A group reportedly made up of Syrian military defectors, calling itself the Free Syrian Army, says it is fighting to overthrow President Bashar Assad's "murderous" regime.

Riad al-Asaad, an air force colonel who escaped to Turkey and presents himself as the group's leader, said his forces now number 10,000 and called on other opposition activists and fellow soldiers to join him.

"They will soon discover that armed rebellion is the only way to break the Syrian regime," he said. "I call on all the honourable people in the Syrian army to join us so we can liberate our country. It is the only way to get rid of this murderous regime."

Despite months of protests and various international calls for Assad to step down, the Syrian regime has continued its brutal and deadly crackdown on protesters for six months, leading to a complete breakdown of communication.

Civilians have become more and more fearful of the regime forces and many insist they now must arm themselves for their protection.

Repeated attacks on peaceful protesters, the lack of security in the streets and the inability of the U.N. Security Council to come up with a united front on the Syrian question have led analysts to fear that what started as a peaceful movement could turn into an armed one.

The Libyan model, advanced as a triumph by both the new transitional government and the NATO countries, is becoming increasingly attractive in Syria, but observers warn of the risks of civil war.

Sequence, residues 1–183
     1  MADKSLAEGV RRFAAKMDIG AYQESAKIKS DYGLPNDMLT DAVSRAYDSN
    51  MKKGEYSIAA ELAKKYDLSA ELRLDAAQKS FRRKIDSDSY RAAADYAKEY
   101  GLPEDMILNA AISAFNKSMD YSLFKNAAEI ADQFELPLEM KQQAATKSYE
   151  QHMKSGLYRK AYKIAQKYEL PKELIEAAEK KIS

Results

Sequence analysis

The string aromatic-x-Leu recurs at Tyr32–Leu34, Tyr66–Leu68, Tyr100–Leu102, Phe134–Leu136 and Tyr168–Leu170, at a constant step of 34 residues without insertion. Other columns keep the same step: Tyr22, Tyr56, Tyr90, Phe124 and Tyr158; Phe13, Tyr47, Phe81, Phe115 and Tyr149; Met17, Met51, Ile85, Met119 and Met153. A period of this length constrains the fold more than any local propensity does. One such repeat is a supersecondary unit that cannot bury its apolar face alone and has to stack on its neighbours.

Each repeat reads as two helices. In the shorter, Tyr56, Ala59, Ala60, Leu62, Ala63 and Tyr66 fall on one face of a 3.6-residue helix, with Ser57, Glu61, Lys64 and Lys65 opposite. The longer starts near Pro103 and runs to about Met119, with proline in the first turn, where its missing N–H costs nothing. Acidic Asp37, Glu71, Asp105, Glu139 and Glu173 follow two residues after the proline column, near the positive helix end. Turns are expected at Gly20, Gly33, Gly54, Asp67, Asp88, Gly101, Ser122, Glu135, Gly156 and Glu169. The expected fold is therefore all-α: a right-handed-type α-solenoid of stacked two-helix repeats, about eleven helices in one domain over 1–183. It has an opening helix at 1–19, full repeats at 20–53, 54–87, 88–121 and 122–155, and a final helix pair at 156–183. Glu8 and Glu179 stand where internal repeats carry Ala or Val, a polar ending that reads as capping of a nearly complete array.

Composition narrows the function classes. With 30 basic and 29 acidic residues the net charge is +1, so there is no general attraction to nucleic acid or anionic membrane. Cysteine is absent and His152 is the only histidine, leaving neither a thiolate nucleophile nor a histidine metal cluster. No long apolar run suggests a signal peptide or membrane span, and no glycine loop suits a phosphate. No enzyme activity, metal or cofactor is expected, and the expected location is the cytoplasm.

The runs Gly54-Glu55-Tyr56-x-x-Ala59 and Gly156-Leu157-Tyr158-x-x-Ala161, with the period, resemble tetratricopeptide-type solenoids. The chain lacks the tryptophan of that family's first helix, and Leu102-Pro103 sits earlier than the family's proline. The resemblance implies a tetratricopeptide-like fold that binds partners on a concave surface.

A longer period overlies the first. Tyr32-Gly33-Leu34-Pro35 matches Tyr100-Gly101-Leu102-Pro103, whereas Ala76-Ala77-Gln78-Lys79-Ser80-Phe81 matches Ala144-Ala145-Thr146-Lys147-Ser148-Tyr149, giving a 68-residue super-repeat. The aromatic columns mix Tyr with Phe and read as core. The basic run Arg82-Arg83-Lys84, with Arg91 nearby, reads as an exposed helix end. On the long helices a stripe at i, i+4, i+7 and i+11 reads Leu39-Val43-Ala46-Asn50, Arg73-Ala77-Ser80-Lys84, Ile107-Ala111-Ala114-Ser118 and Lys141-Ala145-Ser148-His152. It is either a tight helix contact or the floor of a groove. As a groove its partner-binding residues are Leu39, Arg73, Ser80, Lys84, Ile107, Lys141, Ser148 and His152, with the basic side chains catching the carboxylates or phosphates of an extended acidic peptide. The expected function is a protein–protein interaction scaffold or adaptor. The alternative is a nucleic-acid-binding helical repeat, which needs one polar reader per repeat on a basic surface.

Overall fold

Shadi Hamid, director of research at the Brookings Doha Centre in Qatar, told the AFP: "The Libyan model is looking increasingly attractive to the Syrian opposition, " before describing the new anti-Assad army as a "high-risk, high-reward situation."

"But the flip side of that is that it gives the regime ... a pretext to wipe out a city, so it is a very risky move," Hamid added.

With U.N. reporting the crackdown has left more than 2,700 people dead, on Monday the United States warn the uprising could start turning violent.

The Syrian protests movement, however, has maintained its legitimacy by sticking to peaceful protest, and a resort to armed struggle could lead other Arab states that have reprimanded Assad to regroup behind him.

By refusing to give up attacking civilians, the militarily superior regime is almost pushing them to violence.

Warning that weapons can easily be smuggled in through the porous borders with Lebanon and Iraq or by sea, Riyad Kahwaji, head of the Institute for Near East and Gulf Military Analysis in Dubai, said recently: "There are reports of guerrilla-type or ambush attacks against the shabiha (government militia) or soldiers and of armed clashes in wooded areas and valleys in border zones. However, that does not mean that the uprising has already turned into a military conflict."

While dissidents last month announced the formation of an opposition council, the emergence of the Free Syrian Army proves the anti-Assad movement is splitting into different branches, which is unfortunately is probably what Assad wants.